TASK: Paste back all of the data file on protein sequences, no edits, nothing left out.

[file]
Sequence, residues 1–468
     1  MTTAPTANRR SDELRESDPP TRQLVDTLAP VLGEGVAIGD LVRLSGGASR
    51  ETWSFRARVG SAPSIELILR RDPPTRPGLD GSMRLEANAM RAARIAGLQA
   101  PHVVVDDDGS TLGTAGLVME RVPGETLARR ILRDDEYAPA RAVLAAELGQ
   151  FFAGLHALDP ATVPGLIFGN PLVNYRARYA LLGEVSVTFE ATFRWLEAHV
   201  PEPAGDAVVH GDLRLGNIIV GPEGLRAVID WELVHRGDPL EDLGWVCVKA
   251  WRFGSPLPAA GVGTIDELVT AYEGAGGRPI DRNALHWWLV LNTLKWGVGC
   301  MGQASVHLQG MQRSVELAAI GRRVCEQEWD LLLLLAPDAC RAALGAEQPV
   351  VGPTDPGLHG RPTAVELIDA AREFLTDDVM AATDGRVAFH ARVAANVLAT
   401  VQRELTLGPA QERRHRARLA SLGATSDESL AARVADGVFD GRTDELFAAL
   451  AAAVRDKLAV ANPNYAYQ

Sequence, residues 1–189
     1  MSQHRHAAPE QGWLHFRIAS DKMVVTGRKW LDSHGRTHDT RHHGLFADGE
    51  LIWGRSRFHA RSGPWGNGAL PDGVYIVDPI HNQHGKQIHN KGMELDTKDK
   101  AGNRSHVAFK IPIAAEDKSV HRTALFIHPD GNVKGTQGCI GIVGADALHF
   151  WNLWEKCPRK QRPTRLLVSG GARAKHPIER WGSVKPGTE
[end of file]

Sequence, residues 1–468
     1  MTTAPTANRR SDELRESDPP TRQLVDTLAP VLGEGVAIGD LVRLSGGASR
    51  ETWSFRARVG SAPSIELILR RDPPTRPGLD GSMRLEANAM RAARIAGLQA
   101  PHVVVDDDGS TLGTAGLVME RVPGETLARR ILRDDEYAPA RAVLAAELGQ
   151  FFAGLHALDP ATVPGLIFGN PLVNYRARYA LLGEVSVTFE ATFRWLEAHV
   201  PEPAGDAVVH GDLRLGNIIV GPEGLRAVID WELVHRGDPL EDLGWVCVKA
   251  WRFGSPLPAA GVGTIDELVT AYEGAGGRPI DRNALHWWLV LNTLKWGVGC
   301  MGQASVHLQG MQRSVELAAI GRRVCEQEWD LLLLLAPDAC RAALGAEQPV
   351  VGPTDPGLHG RPTAVELIDA AREFLTDDVM AATDGRVAFH ARVAANVLAT
   401  VQRELTLGPA QERRHRARLA SLGATSDESL AARVADGVFD GRTDELFAAL
   451  AAAVRDKLAV ANPNYAYQ

Sequence, residues 1–189
     1  MSQHRHAAPE QGWLHFRIAS DKMVVTGRKW LDSHGRTHDT RHHGLFADGE
    51  LIWGRSRFHA RSGPWGNGAL PDGVYIVDPI HNQHGKQIHN KGMELDTKDK
   101  AGNRSHVAFK IPIAAEDKSV HRTALFIHPD GNVKGTQGCI GIVGADALHF
   151  WNLWEKCPRK QRPTRLLVSG GARAKHPIER WGSVKPGTE